Computer engineering is the study and application of integrated hardware and software design. Most computer engineering programs offer the same types of classes. Although different programs may approach this field of study by different methods, they share the goal of training individuals to design symbiotic hardware and software designs. Degrees are available at the associate's, undergraduate and graduate level.
There are a wide variety of careers which can be pursued with a degree in computer engineering. As it combines training in both computer science, which deals with software programming, and electrical engineering, which focuses on computer hardware, a person with a degree in computer engineering has two area of expertise. Jobs in information technology, such designing and setting up computer networks, troubleshooting problems, and repairing computers and software typically require either a computer engineering or computer science degree. Computer engineers with higher level degrees may also find careers in technology research and development, software design, and education.
A typical computer engineering degree combines the hands-on skills of electrical engineering with the programming aspect of computer science. Both the associate's and bachelor's degree require additional classes to fulfill general core knowledge requirements. The master's and doctoral programs, however, focus almost exclusively on topics related to computer engineering itself.
Basic math and science courses are required for an both an associate's and a bachelor's degree in computer engineering. After those requirements have been met, students take classes in various programming languages and systems. They also take electrical engineering courses, in which they study methods of circuit design, as well as basic electrical concepts. Higher level math and science courses are required at the graduate and post graduate levels.
High school students who wish to major in computer engineering can prepare by taking science and math classes before college. Typically, physics and chemistry, as well as calculus and statistics are required courses in computer engineering programs. College admissions boards will expect to see these types of classes on the high school transcripts of prospective students.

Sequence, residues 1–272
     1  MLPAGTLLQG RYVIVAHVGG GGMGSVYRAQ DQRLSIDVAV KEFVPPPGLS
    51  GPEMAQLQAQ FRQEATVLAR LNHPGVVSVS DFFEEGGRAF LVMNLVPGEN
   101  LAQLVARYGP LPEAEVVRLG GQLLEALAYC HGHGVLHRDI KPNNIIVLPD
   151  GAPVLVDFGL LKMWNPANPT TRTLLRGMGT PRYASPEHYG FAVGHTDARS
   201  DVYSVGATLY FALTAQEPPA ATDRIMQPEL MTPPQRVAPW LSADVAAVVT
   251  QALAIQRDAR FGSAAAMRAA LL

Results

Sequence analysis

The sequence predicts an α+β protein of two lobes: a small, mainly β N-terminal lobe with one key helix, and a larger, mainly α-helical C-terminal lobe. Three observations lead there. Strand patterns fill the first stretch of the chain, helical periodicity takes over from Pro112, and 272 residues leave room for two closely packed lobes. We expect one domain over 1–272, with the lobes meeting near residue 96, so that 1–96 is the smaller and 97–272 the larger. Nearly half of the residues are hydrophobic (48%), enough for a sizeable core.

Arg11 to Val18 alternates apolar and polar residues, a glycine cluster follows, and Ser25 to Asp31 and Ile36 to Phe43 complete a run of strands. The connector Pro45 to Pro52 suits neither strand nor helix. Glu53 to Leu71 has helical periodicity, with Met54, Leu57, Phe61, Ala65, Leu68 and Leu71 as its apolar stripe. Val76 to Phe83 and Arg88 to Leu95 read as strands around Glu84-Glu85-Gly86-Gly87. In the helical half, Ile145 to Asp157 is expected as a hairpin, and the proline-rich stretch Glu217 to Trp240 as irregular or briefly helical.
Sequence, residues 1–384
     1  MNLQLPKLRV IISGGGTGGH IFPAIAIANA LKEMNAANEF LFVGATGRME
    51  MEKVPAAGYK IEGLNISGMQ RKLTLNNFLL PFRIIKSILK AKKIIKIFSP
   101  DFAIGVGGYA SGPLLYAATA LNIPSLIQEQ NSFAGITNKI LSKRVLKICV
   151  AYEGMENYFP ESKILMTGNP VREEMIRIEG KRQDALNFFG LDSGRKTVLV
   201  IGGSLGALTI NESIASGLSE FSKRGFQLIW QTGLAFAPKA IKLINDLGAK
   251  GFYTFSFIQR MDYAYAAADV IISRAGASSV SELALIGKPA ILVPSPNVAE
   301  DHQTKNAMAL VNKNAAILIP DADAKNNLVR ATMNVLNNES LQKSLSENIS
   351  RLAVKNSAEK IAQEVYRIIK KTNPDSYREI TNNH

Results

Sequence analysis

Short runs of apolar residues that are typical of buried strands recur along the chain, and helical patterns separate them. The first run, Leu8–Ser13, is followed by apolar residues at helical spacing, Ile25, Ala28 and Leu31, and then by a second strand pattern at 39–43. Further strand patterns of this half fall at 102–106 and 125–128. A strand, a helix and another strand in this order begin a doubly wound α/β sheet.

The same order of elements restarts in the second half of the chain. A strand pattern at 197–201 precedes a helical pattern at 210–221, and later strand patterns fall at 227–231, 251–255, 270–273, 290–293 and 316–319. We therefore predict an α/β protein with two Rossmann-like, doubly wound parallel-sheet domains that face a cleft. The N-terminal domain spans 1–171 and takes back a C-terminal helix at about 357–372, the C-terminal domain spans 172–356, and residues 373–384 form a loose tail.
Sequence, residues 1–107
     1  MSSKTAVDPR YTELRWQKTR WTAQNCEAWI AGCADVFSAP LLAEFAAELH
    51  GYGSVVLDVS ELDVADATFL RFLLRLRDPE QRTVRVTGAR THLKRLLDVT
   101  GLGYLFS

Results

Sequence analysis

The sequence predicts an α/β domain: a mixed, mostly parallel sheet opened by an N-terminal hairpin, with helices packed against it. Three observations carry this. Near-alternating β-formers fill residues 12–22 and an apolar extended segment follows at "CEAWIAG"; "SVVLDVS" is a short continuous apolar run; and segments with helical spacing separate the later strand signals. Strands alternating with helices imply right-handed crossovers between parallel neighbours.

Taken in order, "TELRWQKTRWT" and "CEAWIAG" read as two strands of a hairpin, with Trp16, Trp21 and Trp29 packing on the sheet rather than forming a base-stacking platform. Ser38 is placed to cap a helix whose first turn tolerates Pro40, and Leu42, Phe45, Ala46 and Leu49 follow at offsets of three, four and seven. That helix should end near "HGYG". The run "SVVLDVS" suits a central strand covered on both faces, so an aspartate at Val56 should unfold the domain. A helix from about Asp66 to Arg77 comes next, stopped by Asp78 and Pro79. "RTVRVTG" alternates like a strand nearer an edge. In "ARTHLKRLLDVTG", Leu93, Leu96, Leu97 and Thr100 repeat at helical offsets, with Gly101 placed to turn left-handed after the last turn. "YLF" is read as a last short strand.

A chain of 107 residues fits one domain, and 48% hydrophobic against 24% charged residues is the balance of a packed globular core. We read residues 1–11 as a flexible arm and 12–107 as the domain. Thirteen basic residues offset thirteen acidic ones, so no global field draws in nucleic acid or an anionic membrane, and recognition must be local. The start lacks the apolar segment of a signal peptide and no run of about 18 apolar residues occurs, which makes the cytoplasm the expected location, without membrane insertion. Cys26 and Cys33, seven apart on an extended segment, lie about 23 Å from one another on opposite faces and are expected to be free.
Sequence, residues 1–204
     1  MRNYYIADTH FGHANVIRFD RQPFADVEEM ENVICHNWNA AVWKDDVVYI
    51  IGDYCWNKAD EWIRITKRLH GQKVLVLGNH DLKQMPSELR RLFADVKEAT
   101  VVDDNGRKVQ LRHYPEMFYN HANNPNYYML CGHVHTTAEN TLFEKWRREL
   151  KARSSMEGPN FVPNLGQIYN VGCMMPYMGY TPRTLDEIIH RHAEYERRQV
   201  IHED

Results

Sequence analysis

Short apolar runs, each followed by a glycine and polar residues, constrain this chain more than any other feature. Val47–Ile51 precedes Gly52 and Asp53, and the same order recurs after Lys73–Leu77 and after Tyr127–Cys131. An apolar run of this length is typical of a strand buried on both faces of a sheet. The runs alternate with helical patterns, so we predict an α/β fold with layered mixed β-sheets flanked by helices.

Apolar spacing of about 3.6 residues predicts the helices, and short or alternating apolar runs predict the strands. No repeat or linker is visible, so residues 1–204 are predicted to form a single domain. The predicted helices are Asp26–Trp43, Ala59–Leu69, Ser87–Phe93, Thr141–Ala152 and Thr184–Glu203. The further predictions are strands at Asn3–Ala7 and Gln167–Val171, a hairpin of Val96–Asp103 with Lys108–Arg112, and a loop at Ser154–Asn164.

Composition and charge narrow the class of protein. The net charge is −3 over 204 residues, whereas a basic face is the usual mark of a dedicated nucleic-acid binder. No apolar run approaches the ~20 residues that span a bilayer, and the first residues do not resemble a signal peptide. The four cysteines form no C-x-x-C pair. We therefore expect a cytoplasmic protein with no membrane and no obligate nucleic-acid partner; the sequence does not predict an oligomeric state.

Many computer engineering programs are offered in a traditional, face to face classroom setting. Although not as common, there are also online programs in computer engineering. Part-time courses are offered at night or on weekends for individuals who have work or family commitments during the workday.
Some computer engineering courses cannot be offered online in their entirety, as they require hands-on work with computer hardware. Many programs also require a final project, like a senior research project, master's thesis, or doctoral dissertation. These often require the use of a laboratory and equipment, so most programs require some face to face coursework. In rare cases, a final project is not required and additional courses are taken instead.
The length of time it takes to complete one of the several types of computer engineering programs is based on the student's full time or part time status and the requirements of the educational institution offering the program. An associate's degree generally requires two years of study beyond the high school diploma. A bachelor's degree requires four years, and a master's can take from 18 months to five years beyond the bachelors degree. Doctoral degrees can take up to ten additional years of study after a bachelors degree has been obtained.
In many cases, a student can accelerate the completion time by choosing a program which requires fewer hours and taking more hours per semester. The more hours a student takes, the faster the requirements are completed. Although some courses require prequisite courses, others can be taken at the same time.
Master's degree program and doctoral programs often have a teaching component in addition to required course and research hours. The master's or doctoral level candidate may teach one or two classes per semester, usually of freshman or sophomore level topics. In many cases, the candidate receives a stipend or tuition waver for fulfilling the teaching component.